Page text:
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07.01.11 Emergency Vehicles Charged on Toll Road

07.01.08 Whether black-and-whites should pay tolls is a gray issue

Emergency vehicles must pay tolls
except during pursuits and emergencies,
state commission decides

Standard for Central Texas is stricter than policies on other Texas toll roads.

Thursday, January 25, 2007

DUNCANVILLE Austin police, fire and emergency medical vehicles will have to pay tolls on Central Texas' three existing turnpikes unless they are pursuing a suspect or responding to an emergency, the Texas Transportation Commission decided today.

The policy for other Texas Department of Transportation tollways around the state will be more forgiving for public safety vehicles, allowing them to use turnpikes toll-free if they are "on duty."

The tougher policy in Central Texas is due to binding promises made to investors in 2002 when the Transportation Department issued $2.2 billion in bonds to build Texas 130, Texas 45 North and the Loop 1 extension. About 41 miles of what will eventually be 66 miles of those three roads opened last fall.

The department promised that all vehicles would pay to use the toll roads, with certain exceptions for military vehicles, construction vehicles and "marked public safety vehicles . . . traveling under flashing lights and sirens."

The policy passed today by the Transportation Commission in its monthly meeting alters the agreement slightly, forgoing the requirement for lights and sirens. Phillip Russell, the department's turnpike director, said it would be up to public safety agencies to later confirm that a given trip was an emergency or active police pursuit so the toll charge can be canceled.

Russell said he trusts public safety agencies not to abuse what will essentially be an honor system. The new policy will take effect immediately. By April 27, commissioners said they will evaluate the policy to see if public safety agencies are abusing the privilege.

"I think it will be OK," Russell said.

The policy does not apply to the 183-A tollway, which in March will be the fourth Central Texas turnpike to open. That road is being built and will be operated by the Central Texas Regional Mobility Authority, which will set its own policy on public safety vehicles.

It also won't apply to any future tollways opened in the Austin area by the state Transportation Department because those roads would not be subject to the 2002 bond documents.

The commission is trying to keep toll exemptions to a minimum and avoid a slippery slope that led to the North Texas Tollway Authority granting no-toll passes to about 3,000 vehicle owners.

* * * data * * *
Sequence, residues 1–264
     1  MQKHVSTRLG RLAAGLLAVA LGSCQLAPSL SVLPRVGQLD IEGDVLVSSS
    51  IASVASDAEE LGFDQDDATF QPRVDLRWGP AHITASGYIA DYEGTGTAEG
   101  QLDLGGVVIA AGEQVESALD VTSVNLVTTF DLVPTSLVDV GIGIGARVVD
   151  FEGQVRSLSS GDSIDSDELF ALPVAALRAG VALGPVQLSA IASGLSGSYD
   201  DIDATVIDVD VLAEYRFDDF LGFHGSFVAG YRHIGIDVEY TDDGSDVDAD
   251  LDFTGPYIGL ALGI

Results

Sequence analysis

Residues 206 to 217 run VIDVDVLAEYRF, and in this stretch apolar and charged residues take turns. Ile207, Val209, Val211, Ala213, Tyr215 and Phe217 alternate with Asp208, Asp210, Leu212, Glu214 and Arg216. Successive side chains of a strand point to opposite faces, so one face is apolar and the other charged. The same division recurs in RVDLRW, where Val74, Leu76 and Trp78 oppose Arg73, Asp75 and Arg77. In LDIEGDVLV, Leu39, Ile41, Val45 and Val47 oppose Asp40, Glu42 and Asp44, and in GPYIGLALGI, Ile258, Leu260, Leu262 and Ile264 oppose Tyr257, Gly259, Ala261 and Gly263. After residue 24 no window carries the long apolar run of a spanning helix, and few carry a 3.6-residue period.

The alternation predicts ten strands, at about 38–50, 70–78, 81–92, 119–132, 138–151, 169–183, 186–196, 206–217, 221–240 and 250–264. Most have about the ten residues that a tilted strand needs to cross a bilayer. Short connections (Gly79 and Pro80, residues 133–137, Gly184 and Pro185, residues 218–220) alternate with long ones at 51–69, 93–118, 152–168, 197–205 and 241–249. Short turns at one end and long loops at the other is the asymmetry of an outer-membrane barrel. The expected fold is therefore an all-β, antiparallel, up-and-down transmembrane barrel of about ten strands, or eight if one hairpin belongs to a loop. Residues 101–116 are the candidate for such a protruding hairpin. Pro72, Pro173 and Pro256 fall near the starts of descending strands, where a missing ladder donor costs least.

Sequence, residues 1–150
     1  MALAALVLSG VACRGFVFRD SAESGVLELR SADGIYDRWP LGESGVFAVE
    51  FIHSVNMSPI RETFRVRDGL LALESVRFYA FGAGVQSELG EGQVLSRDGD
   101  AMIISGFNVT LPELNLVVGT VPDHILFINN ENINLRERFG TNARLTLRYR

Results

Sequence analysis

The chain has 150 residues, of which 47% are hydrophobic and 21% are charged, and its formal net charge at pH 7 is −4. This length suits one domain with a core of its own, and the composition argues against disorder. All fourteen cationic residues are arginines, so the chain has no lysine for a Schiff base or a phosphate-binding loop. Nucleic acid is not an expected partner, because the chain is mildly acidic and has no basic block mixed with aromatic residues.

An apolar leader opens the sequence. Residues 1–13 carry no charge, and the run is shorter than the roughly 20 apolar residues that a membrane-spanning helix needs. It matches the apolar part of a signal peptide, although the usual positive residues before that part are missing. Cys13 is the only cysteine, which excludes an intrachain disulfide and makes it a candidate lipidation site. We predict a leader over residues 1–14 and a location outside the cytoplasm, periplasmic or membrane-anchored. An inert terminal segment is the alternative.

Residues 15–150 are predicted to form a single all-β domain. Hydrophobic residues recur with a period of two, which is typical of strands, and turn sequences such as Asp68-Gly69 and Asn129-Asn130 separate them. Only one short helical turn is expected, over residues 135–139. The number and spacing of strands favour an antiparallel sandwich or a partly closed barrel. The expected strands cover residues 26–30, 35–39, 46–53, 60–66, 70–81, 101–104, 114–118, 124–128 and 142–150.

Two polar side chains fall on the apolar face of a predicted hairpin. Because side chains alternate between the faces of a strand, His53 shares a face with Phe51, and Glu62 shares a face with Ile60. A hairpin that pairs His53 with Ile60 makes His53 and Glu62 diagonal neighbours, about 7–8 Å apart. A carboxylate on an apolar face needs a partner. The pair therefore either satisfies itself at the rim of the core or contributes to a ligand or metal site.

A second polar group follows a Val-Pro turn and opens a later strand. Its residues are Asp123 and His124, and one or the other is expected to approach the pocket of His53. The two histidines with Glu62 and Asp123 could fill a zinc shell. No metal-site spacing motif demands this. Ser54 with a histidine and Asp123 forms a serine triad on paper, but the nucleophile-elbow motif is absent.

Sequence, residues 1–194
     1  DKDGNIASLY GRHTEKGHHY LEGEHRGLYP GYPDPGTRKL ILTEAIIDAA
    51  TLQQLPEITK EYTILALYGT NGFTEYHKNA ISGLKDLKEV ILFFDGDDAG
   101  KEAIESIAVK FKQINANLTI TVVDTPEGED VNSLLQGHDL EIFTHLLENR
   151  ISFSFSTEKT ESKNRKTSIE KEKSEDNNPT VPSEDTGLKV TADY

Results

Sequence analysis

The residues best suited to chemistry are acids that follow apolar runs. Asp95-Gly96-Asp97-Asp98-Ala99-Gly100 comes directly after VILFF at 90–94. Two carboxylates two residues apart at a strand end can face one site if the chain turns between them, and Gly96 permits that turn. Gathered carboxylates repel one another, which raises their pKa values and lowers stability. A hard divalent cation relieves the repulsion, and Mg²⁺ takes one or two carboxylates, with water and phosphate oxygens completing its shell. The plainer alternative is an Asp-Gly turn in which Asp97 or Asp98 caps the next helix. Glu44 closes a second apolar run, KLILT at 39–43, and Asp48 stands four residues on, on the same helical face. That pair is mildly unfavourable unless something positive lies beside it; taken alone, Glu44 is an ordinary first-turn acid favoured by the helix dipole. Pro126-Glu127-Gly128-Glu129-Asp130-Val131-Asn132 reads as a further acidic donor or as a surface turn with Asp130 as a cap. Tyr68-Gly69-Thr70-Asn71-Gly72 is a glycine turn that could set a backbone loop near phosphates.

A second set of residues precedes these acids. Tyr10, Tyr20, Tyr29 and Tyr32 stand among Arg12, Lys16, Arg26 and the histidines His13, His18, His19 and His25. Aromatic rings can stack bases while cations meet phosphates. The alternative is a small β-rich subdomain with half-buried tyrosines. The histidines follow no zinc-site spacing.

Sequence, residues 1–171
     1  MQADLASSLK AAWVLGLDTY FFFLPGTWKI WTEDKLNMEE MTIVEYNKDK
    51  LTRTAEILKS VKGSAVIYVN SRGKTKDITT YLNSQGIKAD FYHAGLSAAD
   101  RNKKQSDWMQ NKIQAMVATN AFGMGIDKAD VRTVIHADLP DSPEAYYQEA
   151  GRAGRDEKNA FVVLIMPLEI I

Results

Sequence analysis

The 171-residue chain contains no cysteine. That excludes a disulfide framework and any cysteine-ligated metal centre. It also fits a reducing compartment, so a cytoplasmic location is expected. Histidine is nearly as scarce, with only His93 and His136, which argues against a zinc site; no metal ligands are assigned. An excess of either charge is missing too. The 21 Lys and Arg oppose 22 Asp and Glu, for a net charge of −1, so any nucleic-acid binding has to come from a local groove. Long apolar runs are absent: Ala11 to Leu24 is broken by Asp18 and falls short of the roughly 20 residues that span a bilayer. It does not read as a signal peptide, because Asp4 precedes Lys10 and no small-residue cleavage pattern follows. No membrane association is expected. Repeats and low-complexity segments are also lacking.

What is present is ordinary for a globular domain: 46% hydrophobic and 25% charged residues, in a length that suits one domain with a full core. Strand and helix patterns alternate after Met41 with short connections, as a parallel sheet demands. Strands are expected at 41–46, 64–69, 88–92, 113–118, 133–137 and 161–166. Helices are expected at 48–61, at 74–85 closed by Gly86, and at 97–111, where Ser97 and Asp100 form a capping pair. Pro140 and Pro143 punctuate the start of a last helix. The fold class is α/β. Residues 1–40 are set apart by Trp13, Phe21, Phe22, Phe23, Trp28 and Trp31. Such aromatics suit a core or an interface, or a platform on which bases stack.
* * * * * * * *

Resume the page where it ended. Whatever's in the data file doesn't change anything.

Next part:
"The road to Hades is paved with good intentions," commission Chairman Ric Williamson said. "We're really sensitive about this."

Police had argued for the more forgiving "on-duty" policy on the theory that officers should never find themselves questioning whether a particular police trip would be worth the toll cost.

In other business, the commission approved so-called "video tolling" for the three Austin toll roads and set the toll rates at 33 percent above the charge for vehicles with toll tags. Drivers will be able to drive through toll tag lanes and receive a bill in the mail; the charge would be 60 cents for the typical exit or entrance ramp charge, compared with 45 cents for toll tag customers and 50 cents for cash customers.; 445-3698

Q: When is public infrastructure not public?

A: When there's a private interest to protect.

Under an agreement approved by TxDOT, investors now dictate what and when public service agencies can use state owned toll roads without the taxpayer paying for the privilege to use their own road.

This is a prime example of how convoluted public policy becomes when government is beholding to profit motivated private interests.

Consider these simple scenarios: A police vehicle driving a section of the toll road to look for a lost child or searching for a suspect vehicle must pay a toll. A fire truck can use the toll road  to respond to an emergency call without paying a toll but cannot return to the fire station without being charged a toll. In any case the policy is toll first and cancel later. finds it incredible that TxDOT could consider free use of a state owned toll road by a public safety agency a privilege that could be abused.

This is a minor example of the problems that can develop from terms and conditions contained in the fine print. Just imagine what difficulties can be created in a 50 or 75 year concession agreement.

Just how far will TxDOT go to protect their new found private investors? You can bet it's 4,000 miles further than they will go to protect the rest of us Texans.



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